Villa RufoloThe jewel of Ravello
CONSTRUCTED BY THE POWERFUL LANDOLFO RUFOLO, WHO AMASSED HIS FORTUNE BY TRADING WITH THE MOORS AND SARACENS, THE RESIDENCE SEAMLESSLY MERGED ARABIC, SICILIAN, AND NORMAN ARCHITECTURE, MAKING IT SPECIAL AMONGST ITS KIND.
After a vertigo inducing bus ride up a windy and steep corniche to Ravello from Amalfi, I climb off clammy and shaky, hoping the town is something special. The first thing I notice is how peaceful Ravello is compared to say, Positano or Sorrento. It’s July, peak season for the area, and I was anticipating throngs of red-faced tourists with bum bags pushing their way through the crowds. But in their place is an edited crowd of stylish couples and families in idle chatter ambling by. Maybe this is due to Ravello’s location, haughty and high up on the hills overlooking the Bay of Salerno, or perhaps it’s simply because of the inflated price tags on hotels and restaurants in this commune of elite Southern Italians and privileged holiday folk. Whatever the real reason may be, this town is the kind of place that makes you feel like you’re in on a secret. You’re inclined to ask in a hushed tone, “Why aren’t there more people here?”
I was only vaguely aware of Ravello before reaching the Amalfi Coast. I had heard about the many beautiful villas and gardens that I should call on if in town, but they were on the backburner in my list of things to do. As a first time traveler to the beloved Southern Italian seaside, I was more interested in lounging on the beach with a good read; going for occasional dips in the sunkissed Mediterranean water; sipping on limoncello; and tucking into fresh seafood that’d leave me gesticulating wildly while proclaiming, “Molto bene!”. And though I liberally indulged in all of these fine activities, none of them quite measured up to the afternoon I was about to spend at a historic villa in Ravello.
Located right off of the town’s central Vescovado square, Villa Rufolo is a palatial estate that dates back to the 13th century. It bears the name of the family who built it – if the verses of Giovanni Boccaccio’s Decameron are to be believed – and at the height of its importance, the villa boasted to have more rooms than there are days in the year. Constructed by the powerful Landolfo Rufolo, who amassed his fortune by trading with the Moors and Saracens, the residence seamlessly merged Arabic, Sicilian, and Norman architecture, making it special amongst its kind.
The villa remained within the Rufolo family until they sold it in 1588. Thereafter, the property gradually fell into disrepair as a result of general negligence, and it wasn’t until the 19th Century that it was finally restored to its former glory. We have Scottish botanist Francis Neville Reid to thank for that, who undertook extensive remodeling of the property.
The design that Reid implemented is the one that remains to this day, though the original structure was compromised to meet modern demands, resulting in the additions of 18th Century cloisters, Romantic 19th Century gardens, and most recently, the facilities for the Ravello Foundation, the Ravello Festival, and the European University Centre for Cultural Heritage.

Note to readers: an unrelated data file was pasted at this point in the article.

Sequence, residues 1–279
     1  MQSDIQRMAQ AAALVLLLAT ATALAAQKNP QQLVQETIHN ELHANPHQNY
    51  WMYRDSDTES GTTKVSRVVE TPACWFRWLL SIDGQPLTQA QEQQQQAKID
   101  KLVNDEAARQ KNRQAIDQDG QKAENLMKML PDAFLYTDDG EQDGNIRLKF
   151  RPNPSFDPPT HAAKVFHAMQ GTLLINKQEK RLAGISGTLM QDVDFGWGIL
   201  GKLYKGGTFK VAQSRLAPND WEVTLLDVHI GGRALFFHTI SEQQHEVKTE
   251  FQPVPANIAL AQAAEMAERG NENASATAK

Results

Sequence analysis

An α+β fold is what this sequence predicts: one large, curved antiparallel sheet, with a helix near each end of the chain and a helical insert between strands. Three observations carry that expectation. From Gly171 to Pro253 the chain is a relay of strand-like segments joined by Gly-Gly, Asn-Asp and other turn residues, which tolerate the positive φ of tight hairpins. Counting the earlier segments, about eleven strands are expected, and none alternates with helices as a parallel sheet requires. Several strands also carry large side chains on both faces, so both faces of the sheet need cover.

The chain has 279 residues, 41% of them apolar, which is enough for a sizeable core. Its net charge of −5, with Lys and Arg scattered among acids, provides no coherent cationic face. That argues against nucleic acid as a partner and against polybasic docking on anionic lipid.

To the modern eye, it’s not so much the original medieval structure as the modern splitlevel gardens that most impress. Wagner visited them in 1880 and was so overcome by their splendour that he was prompted to write the second act of his final opera Parsifal, in which he declares “the magical garden of Klingsor has been found!”. Every summer since 1952, Villa Rufalo has hosted the Ravello Music Festival in his honour, the orchestra performing on a platform erected on the edge of the precipice. The location, right on the edge of the world – or so it feels – is a special one, but when I first stumble on these grounds, it’s the assault on the senses that most impresses. The vibrant jungle of Mediterranean colours and scents is so intense, it actually takes a few moments to adjust. Before me is a striking courtyard bedecked in tall cypresses, yuccas and cycads. Bright white hydrangeas, deep purple morning glories and pink oleanders grow in profusion on either side of the cobbled pathway. You don’t have to be an aficionado of Italian gardens to appreciate why so many artists have come here in search of inspiration. The intoxicating scent of Romanticism prevails and everyone speaks in muted tones, as if not to offend or disturb the abounding flora.
I sit on one of the stone benches tactfully placed for contemplation of the trees and vines cascading down the bordering hills, and admire the fuchsia bougainvillea sprawling over the ancient stone walls. I realise I have never seen so many of the plants amassed in one place. As I gaze out on this matchless panorama, as if on cue, the bells ring out from a church nearby. From this staggering elevation, I stare towards a powder blue horizon, blending into the brilliant blue of the Bay of Salerno punctuated only by a solitary pine shooting up from just below the lower garden. I take in lemon trees, vineyards, and tiny villages clinging to the rugged cliffs. Even flowers I can readily find back home look beautifully exotic against this backdrop. This view alone, I think, is reward enough for my pilgrimage up the corniche to Villa Rufolo.